The Author

Robert Petraru

Robert Petraru is a research trainee at Vocal Europe. He holds a bachelor degree in European Studies and now is currently studying Public Policy and Human Development. His main interests lie in the Eastern Partnership, development policy and EU’s common foreign and security policy. He is fluent in English and Romanian and he has a good command of Spanish.


The Republic of Moldova heads into months of uncertainty and political negotiations, as no party managed to win enough seats to form a government. Only four parties managed to enter into Parliament and establishing a coalition will be difficult as the three major parties ruled out alliances between them. What is clear is that it is very likely that the Republic of Moldova’s administration will continue to be captured by the Democratic Party of Moldova and that its relationship with the EU will continue to be troublesome.

 

The biggest winner of the election is the Democratic Party of Moldova (PDM), the ruling party of the Republic of Moldova, which came third with 23,62% of the popular vote. Due to the implementation of a mixt electoral system, which consists of both uninominal and national constituencies, PDM will be the second largest group in Parliament with 30 MPs, as it performed well in the uninominal constituencies (it won 17 seats more than the other parties). PDM’s result is surprisingly good, considering its corrupt and oligarchic reputation and its role in Republic of Moldova’s failure in implementing the reforms under the Association Agreement with the EU. PDM will try to become the biggest group in Parliament by recruiting MPs from other parties in order to have a strong argument to be mandated by president Dodon (PSRM) to form a government.

 

The biggest loser of the elections is, paradoxically, the Party of Socialists of the Republic of Moldova (PSRM). Despite ranking first with 31,15% of the vote, which translates to 35 seats, it performed worse than expected, as opinion polls estimated prior to the elections that it will win around 40% of the popular vote. One of the main reason for the bad result is Ilan Shor’s Party (The Shor Party), which targeted the Russophone population, PSRM’s electorate. The Shor Party gained 8,32%, which translates to 7 seats and many indicate that Ilan Shor is just a marionette of Plahotniuc, PDM’s leader, who specifically had the goal to weaken PSRM. The new political configuration of the parliament gives PSRM a difficult mission in forming a governmental coalition.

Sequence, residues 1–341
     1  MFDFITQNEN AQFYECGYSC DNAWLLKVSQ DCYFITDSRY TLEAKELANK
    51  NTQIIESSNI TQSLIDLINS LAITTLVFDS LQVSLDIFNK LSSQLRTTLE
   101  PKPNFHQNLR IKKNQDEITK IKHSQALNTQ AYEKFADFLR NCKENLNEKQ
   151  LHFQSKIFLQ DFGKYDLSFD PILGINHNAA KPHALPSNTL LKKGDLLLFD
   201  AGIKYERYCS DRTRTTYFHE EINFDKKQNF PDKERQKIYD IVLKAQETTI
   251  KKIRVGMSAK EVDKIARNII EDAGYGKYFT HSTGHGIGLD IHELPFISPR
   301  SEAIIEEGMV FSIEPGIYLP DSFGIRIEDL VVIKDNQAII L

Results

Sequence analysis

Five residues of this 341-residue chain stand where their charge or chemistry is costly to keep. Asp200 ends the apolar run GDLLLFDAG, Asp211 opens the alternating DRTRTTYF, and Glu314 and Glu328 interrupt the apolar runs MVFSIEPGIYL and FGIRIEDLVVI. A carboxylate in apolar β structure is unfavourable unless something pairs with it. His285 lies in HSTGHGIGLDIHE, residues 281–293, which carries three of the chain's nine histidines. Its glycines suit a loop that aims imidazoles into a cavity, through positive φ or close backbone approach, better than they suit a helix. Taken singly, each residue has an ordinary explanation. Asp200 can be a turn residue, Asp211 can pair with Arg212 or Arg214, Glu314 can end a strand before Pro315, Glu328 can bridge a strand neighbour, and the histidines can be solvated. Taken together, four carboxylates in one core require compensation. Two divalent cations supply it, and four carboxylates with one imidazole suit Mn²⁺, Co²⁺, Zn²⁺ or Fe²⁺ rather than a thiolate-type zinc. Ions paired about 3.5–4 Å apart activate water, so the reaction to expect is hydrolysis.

Another big winner of the election is ACUM (translation: Now), an electoral alliance between Action and Solidarity Party (PAS), led by Maia Sandu and Justice and Truth Platform Party (PPDA), led by Andrei Nastase. Although the two parties are relatively new to the Moldovan political stage (they were both founded in 2015) they managed to convince a significant number of Moldovans that they represent a sincerely pro-european alternative to the oligarchic PDM and pro-Russian PSRM.

 

Notable to mention is that the Party of Communists of the Republic of Moldova (PCRM), led by the former president of Moldova, Vladimir Voronin, failed to enter into the Parliament. PCRM was the ruling party of Moldova between 2000-2009 when it held both the presidency and parliament. After a series of weak electoral result in parliamentary and local elections and after most of its MPs switched to PDM or PSRM, it seems that this election is the final nail in the coffin for the communist party.

 

According to many analysts such as Armand Goșu, Dan Dungaciu and Valentin Naumescu, PDM used its position to implement a series of measures that facilitated its campaign in obtaining a higher number of mandates. The most impactful decision was the implementation of a mixt electoral system, despite the recommendations of the Venice Commission to not pursue such changes. The Venice Commission argued in its opinion about the change, that

 

“in the present Moldovan context, the proposed reform could potentially have a negative effect at the constituency level, where independent majoritarian candidates may develop links with or be influenced by businesspeople or other actors who follow their own separate interests”

The concern of the Venice Commission was well-founded as three independents that won in their constituencies have strong links with Plahotniuc and are likely to join PDM’s parliamentary group. Furthermore, according to Transparency International and various organizations, PDM applied techniques of gerrymandering and malapportionment in the delimitation of the uninominal constituencies in order to make it easier for itself to win the respective seats. PDM gained the 17 seats in uninominal constituencies, more than the other parties, which shows that the change of the electoral system was strongly based on self-benefit.